The eighth annual Animal Welfare Judging and Assessment Competition hosted at Michigan State University (MSU) on November 1-2 showcased a group of aspiring animal welfare experts. For the second time, the American Veterinary Medical Association (AVMA) sponsored a division of that competition for veterinary students. Students may participate in team and/or individual events, as well as educational seminars and a poster session.

Dr. Gail Golab, director of the AVMA Animal Welfare Division, praised the contest for helping students recognize and develop the analytical skills and understanding of ethics necessary for success in the field of animal welfare.

"Making good animal welfare decisions is challenging because many factors-both animal and human-come into play," explains Dr. Golab. "To be successful in the competition, veterinary students must familiarize themselves with various physiological and behavioral indicators of animal welfare and critically evaluate how well a given situation suits the animal. They have to look holistically at facilities, care practices, and management, and also consider the role that social ethics play in determining what is good and poor welfare. The scenarios presented during the contest are realistic and help prepare veterinary students for the challenges they will face when they are asked to provide similar recommendations after graduation."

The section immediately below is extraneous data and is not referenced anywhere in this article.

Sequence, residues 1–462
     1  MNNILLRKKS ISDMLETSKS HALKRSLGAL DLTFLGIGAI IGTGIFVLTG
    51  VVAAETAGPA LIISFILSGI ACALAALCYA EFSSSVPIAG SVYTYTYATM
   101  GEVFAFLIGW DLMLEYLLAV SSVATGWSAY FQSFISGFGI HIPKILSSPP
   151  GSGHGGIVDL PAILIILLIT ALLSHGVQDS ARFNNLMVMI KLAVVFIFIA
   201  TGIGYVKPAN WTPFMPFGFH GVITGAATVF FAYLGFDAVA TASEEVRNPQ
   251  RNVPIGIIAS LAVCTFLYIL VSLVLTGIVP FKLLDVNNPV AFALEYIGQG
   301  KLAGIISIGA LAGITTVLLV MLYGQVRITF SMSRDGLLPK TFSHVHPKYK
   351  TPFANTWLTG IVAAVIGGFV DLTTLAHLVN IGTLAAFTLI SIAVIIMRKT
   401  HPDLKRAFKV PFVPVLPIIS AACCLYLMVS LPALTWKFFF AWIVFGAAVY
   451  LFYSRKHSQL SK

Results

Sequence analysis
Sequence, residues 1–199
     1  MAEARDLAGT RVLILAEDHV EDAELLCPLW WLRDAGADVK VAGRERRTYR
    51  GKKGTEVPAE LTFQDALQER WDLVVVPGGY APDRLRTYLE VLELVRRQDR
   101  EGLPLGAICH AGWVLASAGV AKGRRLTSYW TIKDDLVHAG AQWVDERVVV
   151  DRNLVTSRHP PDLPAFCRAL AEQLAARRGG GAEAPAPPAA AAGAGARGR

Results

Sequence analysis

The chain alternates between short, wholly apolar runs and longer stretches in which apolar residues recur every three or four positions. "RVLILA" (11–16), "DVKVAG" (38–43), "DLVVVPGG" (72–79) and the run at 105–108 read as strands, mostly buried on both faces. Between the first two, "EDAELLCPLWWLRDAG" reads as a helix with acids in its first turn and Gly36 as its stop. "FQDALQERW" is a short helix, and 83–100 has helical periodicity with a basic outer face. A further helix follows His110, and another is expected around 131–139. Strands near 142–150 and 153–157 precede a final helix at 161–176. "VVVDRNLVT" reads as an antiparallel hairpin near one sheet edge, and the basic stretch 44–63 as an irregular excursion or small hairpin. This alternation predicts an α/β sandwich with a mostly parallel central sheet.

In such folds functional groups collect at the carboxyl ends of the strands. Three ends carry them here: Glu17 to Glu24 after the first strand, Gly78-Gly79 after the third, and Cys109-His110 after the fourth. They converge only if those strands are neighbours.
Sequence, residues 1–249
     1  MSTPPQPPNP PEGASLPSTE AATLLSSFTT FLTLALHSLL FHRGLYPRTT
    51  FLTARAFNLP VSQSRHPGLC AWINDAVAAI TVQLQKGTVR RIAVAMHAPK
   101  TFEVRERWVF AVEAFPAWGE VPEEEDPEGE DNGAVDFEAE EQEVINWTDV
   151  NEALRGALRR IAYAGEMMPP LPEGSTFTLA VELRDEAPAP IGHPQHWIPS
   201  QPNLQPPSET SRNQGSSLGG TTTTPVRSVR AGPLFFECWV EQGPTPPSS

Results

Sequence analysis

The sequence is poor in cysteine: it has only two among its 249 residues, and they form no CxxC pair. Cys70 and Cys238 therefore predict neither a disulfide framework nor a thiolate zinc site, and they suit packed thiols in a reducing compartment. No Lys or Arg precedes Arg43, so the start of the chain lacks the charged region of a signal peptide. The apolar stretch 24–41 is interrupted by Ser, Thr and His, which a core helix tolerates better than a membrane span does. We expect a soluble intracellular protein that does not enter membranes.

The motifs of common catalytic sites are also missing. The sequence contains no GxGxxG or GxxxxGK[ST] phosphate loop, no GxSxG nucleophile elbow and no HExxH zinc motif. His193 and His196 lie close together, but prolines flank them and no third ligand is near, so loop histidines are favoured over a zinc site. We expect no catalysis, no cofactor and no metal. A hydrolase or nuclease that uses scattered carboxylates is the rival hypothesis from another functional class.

This year's on-farm team assessment considered the welfare of layer chickens, turkeys and Coturnix quail. Students participating as individuals evaluated the welfare of Przewalski horses (Takhi), domestic cats, and dairy cattle from information provided via PowerPoint presentations.

Winners of the competition in the veterinary division were: Jennafer Glaesemann, Iowa State University, who took 1st; Kelly Pinner, University of Guelph, 2nd; Kasia Sulima, University of Guelph, 3rd; Rachel Cohen, University of Missouri, 4th; and Cia Johnson, University of Missouri, 5th. Winning teams, in order, were: the University of Guelph, Iowa State University, University of Pennsylvania, and University of Missouri. Winners at the graduate student level were all from the University of Guelph, which also won the team award in that division. They included Maggie Gooding, 1st; Stephanie Ellison, 2nd; Marisa Erasmus, 3rd; and Kristi Bovey, 4th. In the undergraduate division, the winners were: Katelynn Lebbins, MSU, 1st; Laurie Onyskow, Purdue, 2nd; Emelie Evenson, MSU, 3rd; Ashley Kelly, Purdue, 4th; and Matt Hasenjager, MSU, 5th. Winning teams, in order, were: Purdue, MSU, and the University of Wisconsin, followed by two teams from the University of Guelph.

American Veterinary Medical Association

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